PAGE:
Education in emergencies: The key to unlock human rights

Nov 14, 2022
By Alexis Rodrigo

Conflict and humanitarian emergencies have created a global education crisis that is limiting the futures of more than 200 million children around the world.
“[When we were established], there were 75 million youth whose education was disrupted. Today, there are 222 million of them,” said Yasmine Sherif, director of Education Cannot Wait (ECW), the United Nations’ global fund for education in emergencies and protracted crises. Sherif spoke about the global education crisis in a new interview with Michael Messenger, President and CEO of World Vision Canada
“It is the dream of each and every one of these children who are today suffering, enduring, resilient as they are in the refugee camps … to learn and grow and mature and realize their potential and to be able to tell their story one day to the world,” Sherif said.

Education as the ‘magical key’ of all human rights
 “Education is the very foundation for all human rights,” Sherif said. “It's the one fundamental right that if that was delivered to every child and every adolescent on the globe…they can unlock all other human rights, all other sustainable development goals.”
“You cannot achieve gender equality without educating all girls. How can you end extreme poverty if you cannot read or write? So, education is the magical key, the foundational key for all other rights,” Sherif said.
ECW wants to turn that key with its #222MillionDreams Campaign. The campaign calls on world leaders to substantively increase funding in order to reach the 222 million children who are left furthest behind in emergencies and crises. Education is also a recognized form of child protection from violence, including early and forced marriage.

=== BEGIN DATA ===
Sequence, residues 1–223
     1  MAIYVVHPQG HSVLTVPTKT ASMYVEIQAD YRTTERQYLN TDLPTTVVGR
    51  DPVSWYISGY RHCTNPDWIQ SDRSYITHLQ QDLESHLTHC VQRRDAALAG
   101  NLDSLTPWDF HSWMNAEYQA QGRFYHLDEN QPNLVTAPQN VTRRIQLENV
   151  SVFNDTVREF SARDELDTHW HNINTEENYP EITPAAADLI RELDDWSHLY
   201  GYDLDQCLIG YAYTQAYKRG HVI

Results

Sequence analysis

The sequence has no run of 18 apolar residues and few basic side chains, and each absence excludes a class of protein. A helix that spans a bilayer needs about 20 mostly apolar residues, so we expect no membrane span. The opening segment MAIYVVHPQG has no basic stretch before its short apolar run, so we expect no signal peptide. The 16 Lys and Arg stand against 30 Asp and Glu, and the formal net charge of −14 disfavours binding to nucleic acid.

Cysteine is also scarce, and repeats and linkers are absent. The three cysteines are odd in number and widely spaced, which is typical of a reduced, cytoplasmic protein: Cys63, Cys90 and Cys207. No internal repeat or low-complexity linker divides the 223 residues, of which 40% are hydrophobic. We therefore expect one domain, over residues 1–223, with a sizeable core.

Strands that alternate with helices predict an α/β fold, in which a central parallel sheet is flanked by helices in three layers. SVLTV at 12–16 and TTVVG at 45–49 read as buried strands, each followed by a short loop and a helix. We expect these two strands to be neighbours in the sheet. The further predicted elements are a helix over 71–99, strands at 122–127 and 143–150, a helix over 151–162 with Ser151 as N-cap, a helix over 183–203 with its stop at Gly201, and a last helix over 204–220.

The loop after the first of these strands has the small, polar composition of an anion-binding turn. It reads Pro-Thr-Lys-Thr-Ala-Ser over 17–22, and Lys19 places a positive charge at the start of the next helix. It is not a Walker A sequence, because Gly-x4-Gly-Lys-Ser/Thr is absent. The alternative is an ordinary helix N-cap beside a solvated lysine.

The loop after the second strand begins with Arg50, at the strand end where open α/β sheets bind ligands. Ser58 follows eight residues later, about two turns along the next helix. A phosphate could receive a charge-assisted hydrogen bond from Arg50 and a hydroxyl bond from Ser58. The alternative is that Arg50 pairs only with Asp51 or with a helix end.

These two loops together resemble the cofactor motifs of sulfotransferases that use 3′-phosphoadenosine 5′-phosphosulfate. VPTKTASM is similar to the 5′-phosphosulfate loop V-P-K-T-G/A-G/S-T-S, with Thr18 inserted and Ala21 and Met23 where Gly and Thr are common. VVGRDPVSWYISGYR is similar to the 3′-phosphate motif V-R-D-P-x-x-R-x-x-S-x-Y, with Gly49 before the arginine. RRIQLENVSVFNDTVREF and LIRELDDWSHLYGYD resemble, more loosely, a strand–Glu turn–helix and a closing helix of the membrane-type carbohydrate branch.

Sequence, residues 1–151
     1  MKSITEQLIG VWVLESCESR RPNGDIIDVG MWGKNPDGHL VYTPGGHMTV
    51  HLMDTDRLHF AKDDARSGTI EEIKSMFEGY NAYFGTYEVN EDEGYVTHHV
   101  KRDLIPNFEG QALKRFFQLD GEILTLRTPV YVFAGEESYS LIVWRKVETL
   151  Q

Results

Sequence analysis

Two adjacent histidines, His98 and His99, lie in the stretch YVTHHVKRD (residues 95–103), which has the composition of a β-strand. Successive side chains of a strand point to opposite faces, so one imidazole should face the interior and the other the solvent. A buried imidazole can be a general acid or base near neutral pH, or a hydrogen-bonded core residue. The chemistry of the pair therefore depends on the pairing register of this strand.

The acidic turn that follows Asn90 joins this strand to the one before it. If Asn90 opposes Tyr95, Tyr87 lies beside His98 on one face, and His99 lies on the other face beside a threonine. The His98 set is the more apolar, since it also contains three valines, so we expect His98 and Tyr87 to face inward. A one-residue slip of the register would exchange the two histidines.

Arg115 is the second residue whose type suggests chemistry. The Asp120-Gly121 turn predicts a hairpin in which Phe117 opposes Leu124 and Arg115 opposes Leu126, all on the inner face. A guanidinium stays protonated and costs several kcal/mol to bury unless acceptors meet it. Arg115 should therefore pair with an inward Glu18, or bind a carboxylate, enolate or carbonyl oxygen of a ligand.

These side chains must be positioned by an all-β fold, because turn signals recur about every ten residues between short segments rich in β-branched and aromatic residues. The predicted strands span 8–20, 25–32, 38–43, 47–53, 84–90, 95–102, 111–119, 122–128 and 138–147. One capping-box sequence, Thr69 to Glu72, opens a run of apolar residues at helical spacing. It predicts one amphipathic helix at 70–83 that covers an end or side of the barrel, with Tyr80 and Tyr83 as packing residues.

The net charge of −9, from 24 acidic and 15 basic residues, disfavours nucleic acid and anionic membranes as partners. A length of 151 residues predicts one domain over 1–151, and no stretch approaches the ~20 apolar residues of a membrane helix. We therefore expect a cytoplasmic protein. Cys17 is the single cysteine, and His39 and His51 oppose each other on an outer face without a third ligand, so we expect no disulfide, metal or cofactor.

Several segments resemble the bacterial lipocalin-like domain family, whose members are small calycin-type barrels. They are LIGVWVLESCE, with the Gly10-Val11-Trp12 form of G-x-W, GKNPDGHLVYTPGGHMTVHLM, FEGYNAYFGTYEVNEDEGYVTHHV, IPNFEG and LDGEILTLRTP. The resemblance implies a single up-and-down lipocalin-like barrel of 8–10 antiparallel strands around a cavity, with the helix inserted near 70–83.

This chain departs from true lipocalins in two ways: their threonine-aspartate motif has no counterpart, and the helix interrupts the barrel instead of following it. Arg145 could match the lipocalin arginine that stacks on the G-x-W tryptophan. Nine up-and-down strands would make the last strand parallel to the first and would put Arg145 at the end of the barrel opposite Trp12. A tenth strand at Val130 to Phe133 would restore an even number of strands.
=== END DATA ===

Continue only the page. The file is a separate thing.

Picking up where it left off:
ECW estimates that the funding gap to provide safe and inclusive quality education to these children is $1.5 billion USD. The organization has organized a global conference in February 2023 to mobilize resources and fill this gap.
“These children in the refugee camps, in the Sahel or IDP (internally displaced persons) camps or among host communities, those who have fled an international border as refugees, those who have stayed in Aleppo or who live in the countryside of Afghanistan in the mountains, or the Rohingya refugees at Cox’s Bazar—they have lost everything. But you cannot take away the dream,” Sherif said. “If you give them the education that they deserve and are entitled to, you can also sustain their hope.”
How Canadians can help
With support from the Government of Canada, World Vision has been hosting the Refugee Education Council. The Council is made up of 15 refugee youth and young people from host communities who have lived experience related to forced displacement.
The Council members’ role is to inform the Government of Canada’s Together for Learning Campaign, an international campaign to give refugee and displaced children better access to quality education.
World Vision also supports education programs in communities experiencing poverty, emergencies and crises.
“I’ve been out there across Latin America, the Venezuelan refugee crisis and also in Africa, and I’ve seen the work of World Vision. You are an incredible partner for Education Cannot Wait,” Sherif said. “You are so close to the communities and the children that they serve. And that’s precisely what Education Cannot Wait is about: localization and to not leave anyone behind.”
Go here to support education programs where they’re needed most.

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